The end of this semester has proved to be quite busy. We are currently working on our birchbark boxes and will hopefully be finished by the end of this week. I will be moving schools for the second semester and that means an entirely new group of students. It also means that I am working on planning the curriculum for this second semester.
As an artist who likes to work in a variety of mediums, I am definitely one who likes to try new things and experiment with different lesson plans. A few of the projects we did last semester (pop bottle drawings and zentangle pyramids) will be repeated but I will be teaching many new projects this second semester. One project I have been dying to have students try is a large-scale collaborative grid drawing. I think I will be doing this project instead of the Chihuly sculptures with this group of students.
I took inspiration for the grid drawing lesson from Chuck Close's gridded portraits. This lesson is still in the works, but I think it will be a great lesson on drawing what we SEE, rather than what we think we see. This is something I know a lot of 6th grade students struggle with and breaking it down into 5"x5" square chunks should ease frustration. The 7th & 8th graders do their own personal grid drawings and this should be a nice precursor for building up background knowledge of grid drawing.
I chose six artists and their portraits for this lesson. I copied and pasted their images into a word document and overlayed a 7"x9" grid over each image. I applied the artistic filter "pencil sketch" over each image to show contour lines more effectively.
The hardest part was narrowing my choices down to six artists. These may not have been your own choices, but my criteria for selecting artists was based on the lessons I will be teaching throughout the semester and I wanted to represent different cultures and show a balance of both men and women artists.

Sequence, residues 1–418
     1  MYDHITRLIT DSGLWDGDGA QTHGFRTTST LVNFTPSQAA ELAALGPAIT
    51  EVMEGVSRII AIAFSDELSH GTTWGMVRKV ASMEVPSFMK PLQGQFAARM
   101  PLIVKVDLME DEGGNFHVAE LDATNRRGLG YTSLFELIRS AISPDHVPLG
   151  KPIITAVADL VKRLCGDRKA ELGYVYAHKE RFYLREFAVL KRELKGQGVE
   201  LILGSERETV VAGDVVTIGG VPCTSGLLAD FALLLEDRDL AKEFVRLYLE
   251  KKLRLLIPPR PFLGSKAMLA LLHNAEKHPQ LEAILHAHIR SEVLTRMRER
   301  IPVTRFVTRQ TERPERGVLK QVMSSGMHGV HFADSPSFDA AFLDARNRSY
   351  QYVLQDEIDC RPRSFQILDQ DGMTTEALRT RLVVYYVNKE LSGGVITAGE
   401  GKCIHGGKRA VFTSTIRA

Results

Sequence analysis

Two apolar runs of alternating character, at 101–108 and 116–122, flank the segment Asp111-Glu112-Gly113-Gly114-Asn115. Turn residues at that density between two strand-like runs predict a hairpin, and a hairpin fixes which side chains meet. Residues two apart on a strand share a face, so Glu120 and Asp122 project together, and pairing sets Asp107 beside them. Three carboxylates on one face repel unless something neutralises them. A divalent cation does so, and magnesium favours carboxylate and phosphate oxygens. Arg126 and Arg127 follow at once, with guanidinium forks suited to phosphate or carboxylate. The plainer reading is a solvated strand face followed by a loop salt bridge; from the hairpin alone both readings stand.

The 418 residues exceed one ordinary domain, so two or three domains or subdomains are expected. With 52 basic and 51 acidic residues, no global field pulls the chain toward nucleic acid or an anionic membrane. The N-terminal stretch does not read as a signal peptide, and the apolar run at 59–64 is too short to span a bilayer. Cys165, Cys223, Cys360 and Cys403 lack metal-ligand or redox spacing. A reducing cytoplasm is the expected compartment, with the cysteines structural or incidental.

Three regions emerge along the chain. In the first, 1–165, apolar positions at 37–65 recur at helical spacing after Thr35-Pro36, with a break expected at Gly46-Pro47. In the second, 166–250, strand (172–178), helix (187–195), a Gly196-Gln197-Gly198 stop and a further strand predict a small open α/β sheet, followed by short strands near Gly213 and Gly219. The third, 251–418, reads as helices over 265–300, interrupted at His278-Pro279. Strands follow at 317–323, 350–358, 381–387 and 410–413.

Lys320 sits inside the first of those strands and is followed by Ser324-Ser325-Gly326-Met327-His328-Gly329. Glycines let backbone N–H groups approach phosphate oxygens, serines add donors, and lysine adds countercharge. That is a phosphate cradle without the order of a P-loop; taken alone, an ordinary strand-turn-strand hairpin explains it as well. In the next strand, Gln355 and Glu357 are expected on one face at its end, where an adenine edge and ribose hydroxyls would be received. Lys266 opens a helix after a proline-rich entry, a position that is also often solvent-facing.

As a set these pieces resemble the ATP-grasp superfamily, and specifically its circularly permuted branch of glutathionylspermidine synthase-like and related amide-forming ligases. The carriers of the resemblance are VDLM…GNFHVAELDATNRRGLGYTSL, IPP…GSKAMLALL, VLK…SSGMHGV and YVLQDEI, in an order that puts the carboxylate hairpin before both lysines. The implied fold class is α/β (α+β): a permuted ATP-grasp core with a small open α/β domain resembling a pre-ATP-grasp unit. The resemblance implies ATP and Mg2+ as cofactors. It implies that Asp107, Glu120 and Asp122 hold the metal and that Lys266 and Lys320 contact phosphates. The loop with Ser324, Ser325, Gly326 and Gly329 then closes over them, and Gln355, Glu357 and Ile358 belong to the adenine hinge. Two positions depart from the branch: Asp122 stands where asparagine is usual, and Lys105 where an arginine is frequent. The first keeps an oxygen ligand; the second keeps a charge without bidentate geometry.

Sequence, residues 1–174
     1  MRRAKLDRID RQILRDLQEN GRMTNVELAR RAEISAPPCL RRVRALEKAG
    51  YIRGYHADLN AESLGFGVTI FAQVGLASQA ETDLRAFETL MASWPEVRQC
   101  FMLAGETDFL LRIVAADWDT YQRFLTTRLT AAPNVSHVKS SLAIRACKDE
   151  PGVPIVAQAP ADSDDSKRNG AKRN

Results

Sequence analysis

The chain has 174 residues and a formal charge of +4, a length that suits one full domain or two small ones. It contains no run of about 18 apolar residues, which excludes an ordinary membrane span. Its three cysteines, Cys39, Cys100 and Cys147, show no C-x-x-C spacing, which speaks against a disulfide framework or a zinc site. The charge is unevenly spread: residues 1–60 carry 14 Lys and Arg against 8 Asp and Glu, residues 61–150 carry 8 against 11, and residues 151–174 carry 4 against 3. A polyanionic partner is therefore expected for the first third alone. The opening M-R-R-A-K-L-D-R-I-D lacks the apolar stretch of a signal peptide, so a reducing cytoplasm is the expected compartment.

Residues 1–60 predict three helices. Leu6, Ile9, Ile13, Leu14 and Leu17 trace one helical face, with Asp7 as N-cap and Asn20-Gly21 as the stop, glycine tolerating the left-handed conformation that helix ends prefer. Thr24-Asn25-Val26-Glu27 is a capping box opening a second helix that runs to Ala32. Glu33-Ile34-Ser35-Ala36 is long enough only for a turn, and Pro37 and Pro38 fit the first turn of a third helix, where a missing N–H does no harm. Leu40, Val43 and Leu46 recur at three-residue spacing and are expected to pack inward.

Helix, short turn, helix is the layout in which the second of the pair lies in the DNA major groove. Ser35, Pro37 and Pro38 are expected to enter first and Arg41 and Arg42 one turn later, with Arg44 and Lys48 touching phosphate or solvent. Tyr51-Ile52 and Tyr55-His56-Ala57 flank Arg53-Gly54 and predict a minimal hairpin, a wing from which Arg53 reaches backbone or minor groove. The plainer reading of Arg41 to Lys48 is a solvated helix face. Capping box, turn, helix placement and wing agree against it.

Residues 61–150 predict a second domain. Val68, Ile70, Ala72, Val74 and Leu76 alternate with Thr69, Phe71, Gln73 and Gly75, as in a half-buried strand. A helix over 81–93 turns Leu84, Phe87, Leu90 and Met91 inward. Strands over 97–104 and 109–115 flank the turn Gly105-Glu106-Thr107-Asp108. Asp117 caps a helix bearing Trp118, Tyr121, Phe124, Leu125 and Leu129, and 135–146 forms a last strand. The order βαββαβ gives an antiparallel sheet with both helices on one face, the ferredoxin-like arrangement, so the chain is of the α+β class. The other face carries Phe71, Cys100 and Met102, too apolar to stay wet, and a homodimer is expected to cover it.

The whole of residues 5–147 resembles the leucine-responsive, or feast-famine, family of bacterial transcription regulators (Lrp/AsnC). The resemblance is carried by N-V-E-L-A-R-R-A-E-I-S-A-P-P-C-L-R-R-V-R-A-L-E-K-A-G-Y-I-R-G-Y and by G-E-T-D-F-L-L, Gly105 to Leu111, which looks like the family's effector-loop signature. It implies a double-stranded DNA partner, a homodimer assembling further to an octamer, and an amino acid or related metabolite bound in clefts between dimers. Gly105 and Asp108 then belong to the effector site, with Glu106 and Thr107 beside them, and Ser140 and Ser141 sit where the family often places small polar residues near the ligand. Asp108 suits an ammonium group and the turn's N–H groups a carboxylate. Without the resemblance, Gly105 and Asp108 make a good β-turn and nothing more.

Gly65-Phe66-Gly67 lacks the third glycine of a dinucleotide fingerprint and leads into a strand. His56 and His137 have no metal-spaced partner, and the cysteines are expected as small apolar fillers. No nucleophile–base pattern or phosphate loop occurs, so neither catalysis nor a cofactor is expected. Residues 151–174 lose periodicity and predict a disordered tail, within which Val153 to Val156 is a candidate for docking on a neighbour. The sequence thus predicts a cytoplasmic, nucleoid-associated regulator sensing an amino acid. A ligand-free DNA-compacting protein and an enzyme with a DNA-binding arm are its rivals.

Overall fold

I plan on printing each gridded artist image twice. I will use my paper cutter to cut out each small 1"x1" square from the image. I will then label the back of each square with a number so we can keep track of which image goes where. Then I will give students a handout for the project with a 5"x5" square box to draw in. Each student gets a small 1"x1" square and will be asked to transfer the 1" box into the 5" box on the handout. I plan on showing students examples of what we are doing, but not what our final image will be. I like a little mystery! :) Once students have their drawing in pencil finished, I'll have them color with markers or colored pencils. I will be testing this project out myself to see how it works before teaching it. The worst case scenario is that it doesn't turn out to look like a portrait.
Each final work will be a combination of two art classes (approx. 30 students in each class). The final work will be 35"x45" in size with a total of 63 5"x5" squares in each work.
Time required: 2 (50 min.) class periods
You can see the document I created with the six artist images below. I will keep you posted about how this project works out!
I am a 6th year high school art teacher in Rochester, MN. I have taught middle school for 2 years and high school for 4 years. I truly enjoy working with students on a daily basis. I also enjoy teaching real-world skills such as problem solving, using technology, and the power of teamwork and collaboration. My joy is sharing my passion for art with others!
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